As a matter of course and of protocol consistent with the Director’s remarks during the ISE opening session, Managers and Consultants do not discuss ISE content, matters, events, behaviors, or dynamics during the scheduled “breaks” occurring throughout the event. Members, of course, are not bound by this convention, but in the ISE opening session, they are informed that Management and Consultants will abide by it. This maintenance of task and temporal boundaries is vital to the integrity of the ISE and to the Members’ and Management's availability for learning from and through shared, public experience.
Management in public can permit transformation of Members’ defensive systems-in-the-mind. In contrast, Management that meets surreptitiously in private, while proffering “management in public” as the standard procedure for the ISE, encourages Members’ maintenance of defensive, irrational systems-in-the-mind. Such oblique behaviors by Managers or Consultants constitute counter-task acting out.
For staff members experienced in the IE, the transformations of the ISE (such as the limitation on intra- or cross-team staff work during the ISE) may stir resistances precisely to learning from novel or transformed structures or innovations. These resistances create and reinforce similar defenses in the Members during the ISE, an example of detrimental "leadership." Management’s addressing these resistances, as in all conference moments, is essential and determinant if Member learning is to proceed without blockage by Members' and Consultants' half-heartedness and without unnecessary procedural confusion. All Managers and Consultants share equal responsibility for assuring adherence to procedural guidelines that have been publicized (i. e., exluding ISE work from the "breaks" during the ISE.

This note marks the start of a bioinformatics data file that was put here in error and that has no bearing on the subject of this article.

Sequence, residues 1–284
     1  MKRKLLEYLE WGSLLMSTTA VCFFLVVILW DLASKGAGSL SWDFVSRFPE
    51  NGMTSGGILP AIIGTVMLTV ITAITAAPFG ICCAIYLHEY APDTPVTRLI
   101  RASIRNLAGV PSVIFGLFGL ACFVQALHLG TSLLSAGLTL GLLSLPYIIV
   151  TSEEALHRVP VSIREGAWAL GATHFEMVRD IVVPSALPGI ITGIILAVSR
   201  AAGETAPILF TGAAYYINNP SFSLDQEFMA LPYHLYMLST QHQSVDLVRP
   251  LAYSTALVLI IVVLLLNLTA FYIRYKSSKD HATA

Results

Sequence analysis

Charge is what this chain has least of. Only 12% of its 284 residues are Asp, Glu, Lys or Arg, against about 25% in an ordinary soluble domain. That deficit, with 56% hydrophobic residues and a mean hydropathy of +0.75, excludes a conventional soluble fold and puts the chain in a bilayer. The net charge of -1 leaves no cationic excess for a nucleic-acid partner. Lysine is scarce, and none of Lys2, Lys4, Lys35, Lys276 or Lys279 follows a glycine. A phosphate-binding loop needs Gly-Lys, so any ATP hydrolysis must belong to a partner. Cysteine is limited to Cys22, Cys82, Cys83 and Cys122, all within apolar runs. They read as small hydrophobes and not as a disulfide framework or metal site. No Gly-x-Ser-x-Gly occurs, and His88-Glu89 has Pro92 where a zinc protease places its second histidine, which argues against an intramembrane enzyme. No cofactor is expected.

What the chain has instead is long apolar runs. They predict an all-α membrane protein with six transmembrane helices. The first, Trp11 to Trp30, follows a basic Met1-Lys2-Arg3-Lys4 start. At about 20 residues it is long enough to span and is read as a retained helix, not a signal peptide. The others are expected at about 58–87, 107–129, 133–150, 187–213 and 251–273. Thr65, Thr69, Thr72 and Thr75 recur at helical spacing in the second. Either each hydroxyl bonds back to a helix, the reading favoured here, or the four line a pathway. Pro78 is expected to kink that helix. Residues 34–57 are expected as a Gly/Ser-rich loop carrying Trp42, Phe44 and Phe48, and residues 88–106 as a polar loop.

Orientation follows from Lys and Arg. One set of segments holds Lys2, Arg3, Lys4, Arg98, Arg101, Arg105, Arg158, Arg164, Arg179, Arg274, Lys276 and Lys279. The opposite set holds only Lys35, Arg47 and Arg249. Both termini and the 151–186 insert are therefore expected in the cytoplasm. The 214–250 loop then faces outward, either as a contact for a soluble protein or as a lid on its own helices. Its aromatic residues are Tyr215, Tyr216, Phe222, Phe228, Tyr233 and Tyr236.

Not surprisingly, Management’s and/or Consultants’ deskilling of themselves in the face of the challenging opportunity for novel learning presented by the ISE’s innovative rendering of IE or IG tasks may act as a major resistance to their own and Members’ learning. In spite of adequate familiarity with system-as-a-whole conceptualization and intervention, Consultants and Managers sometimes feel unprepared to engage solitarily in competent applied system-level interpretation or intervention because as such, they are more than elsewhere or otherwise constrained to include their own psychodynamics, roles, and behaviors in publicly rendering or tendering hypotheses about the system’s character.
Deskilling can indicate dependent or counter-dependent resistance (“What do I do now?” “I don’t understand.” or “The old way is better.”) to something new, unexpected, surprising, or shocking. When dealt with directly, the resistance behind Managers' or Consultants' deskilling becomes a source of energy that can enable and power their own and Members' learning during the ISE.